Transplant From Myth to Reality Nicholas L. Tilney
- Price: £19.95
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- Publication date:
- 12 Sep 2003
- 336 pages: 234 x 156 x 25mm
- 53 illustrations
One of the most spectacular medical advances of the 20th century, organ transplantation has become a generally effective and routine treatment for patients with organ failure. In this book, a well-known expert in the fields of clinical transplantation and transplantation research traces the evolution of organ transplantation from its initial stirrings in the imaginations of the ancients to its status as accepted treatment for nearly 40,000 patients each year. Drawing often on his own first-hand experience, Dr Nicholas Tilney tells the story of the advances in organ transplantation, discusses how societal forces have driven its development, and reveals how its current success is marred by commercialism and exploitation of the less fortunate. Dr Tilney describes early transplantation attempts, the first successful kidney transplant in 1954 between identical twins, the scientific advances for suppressing the immune system, the introduction of the concept of host tolerance, research on donor matching, and the issue of donor brain death. He explores innovations in heart, lung, liver and other abdominal transplants and reflects on the attempts to make transplants between species. Finally he explains how organ transplantation has become a vast business, creating ethical and logistical conflicts about organ donations.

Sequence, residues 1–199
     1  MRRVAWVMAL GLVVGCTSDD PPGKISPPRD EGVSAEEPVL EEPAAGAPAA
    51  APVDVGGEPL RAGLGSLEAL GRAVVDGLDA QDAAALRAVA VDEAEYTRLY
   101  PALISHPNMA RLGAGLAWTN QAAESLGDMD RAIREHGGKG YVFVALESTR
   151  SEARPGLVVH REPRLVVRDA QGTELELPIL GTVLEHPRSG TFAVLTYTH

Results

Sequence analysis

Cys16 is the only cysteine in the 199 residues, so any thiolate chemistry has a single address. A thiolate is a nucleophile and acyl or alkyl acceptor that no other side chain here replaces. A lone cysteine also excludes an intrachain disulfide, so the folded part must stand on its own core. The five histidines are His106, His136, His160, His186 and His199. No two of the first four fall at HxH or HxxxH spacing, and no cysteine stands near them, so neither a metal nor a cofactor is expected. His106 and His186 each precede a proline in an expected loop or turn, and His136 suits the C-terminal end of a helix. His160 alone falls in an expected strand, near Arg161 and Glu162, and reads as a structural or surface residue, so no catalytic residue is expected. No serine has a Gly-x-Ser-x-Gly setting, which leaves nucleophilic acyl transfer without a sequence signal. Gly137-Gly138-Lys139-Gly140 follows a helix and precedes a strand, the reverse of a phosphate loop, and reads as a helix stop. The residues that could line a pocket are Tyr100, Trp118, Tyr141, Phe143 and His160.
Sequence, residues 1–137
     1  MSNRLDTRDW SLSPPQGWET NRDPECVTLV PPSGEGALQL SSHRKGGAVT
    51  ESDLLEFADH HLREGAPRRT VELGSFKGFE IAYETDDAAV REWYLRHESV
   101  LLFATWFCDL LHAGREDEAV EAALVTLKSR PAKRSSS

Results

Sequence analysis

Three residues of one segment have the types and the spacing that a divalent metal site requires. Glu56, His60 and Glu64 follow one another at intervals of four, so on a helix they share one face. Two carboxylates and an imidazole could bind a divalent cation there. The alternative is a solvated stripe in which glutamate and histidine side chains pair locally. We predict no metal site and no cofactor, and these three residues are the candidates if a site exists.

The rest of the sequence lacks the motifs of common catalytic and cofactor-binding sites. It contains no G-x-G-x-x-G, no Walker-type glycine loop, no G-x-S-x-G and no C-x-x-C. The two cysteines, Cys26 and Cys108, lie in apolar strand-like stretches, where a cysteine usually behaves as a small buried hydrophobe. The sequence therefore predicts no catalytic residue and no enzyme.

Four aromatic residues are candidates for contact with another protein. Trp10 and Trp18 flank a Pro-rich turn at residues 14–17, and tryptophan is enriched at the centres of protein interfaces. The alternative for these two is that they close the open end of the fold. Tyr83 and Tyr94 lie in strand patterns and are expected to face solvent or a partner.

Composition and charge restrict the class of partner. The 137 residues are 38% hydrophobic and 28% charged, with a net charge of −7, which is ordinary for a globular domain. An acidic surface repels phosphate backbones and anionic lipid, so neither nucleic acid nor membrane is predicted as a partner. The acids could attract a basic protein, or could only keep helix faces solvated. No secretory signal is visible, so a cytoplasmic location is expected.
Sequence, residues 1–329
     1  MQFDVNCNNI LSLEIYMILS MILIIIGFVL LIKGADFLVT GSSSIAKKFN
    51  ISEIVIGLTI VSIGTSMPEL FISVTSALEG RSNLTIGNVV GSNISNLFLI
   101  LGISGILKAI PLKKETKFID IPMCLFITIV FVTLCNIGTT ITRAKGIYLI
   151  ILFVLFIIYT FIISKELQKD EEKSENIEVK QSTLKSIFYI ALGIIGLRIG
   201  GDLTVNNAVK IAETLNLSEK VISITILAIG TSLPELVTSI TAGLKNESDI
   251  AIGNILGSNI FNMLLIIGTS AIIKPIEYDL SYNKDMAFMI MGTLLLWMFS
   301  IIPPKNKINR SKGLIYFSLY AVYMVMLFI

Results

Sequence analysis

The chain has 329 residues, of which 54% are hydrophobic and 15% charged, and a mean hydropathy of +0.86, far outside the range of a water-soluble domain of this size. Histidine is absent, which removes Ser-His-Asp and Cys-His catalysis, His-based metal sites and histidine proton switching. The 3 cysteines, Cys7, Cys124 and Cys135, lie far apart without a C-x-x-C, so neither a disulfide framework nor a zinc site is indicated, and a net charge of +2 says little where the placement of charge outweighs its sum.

Nicholas L. Tilney, M.D., is the Francis D. Moore Professor of Surgery, director of the Surgical Research Laboratory at Harvard Medical School, and senior surgeon and director of the Center for Transplantation Research at Brigham & Women's Hospital, where he headed the renal transplant service between 1976 and 1992. His research in transplantation biology has been continuously funded since 1974 by the NIH, and he has been the recipient of numerous awards and honours.
"Dr. Tilney has an eye for the fascinating details, the shocking stories, and the unexpected connection. The result is a lively and enjoyable read." Atul Gawande, author of Complications: A Surgeon's Notes on an Imperfect Science; "In this elegantly written book, an international authority on organ transplantation presents his firsthand reflections on the development of this exciting field. The book is a timely, well developed, and unique contribution." Marc I. Lorber, Yale University School of Medicine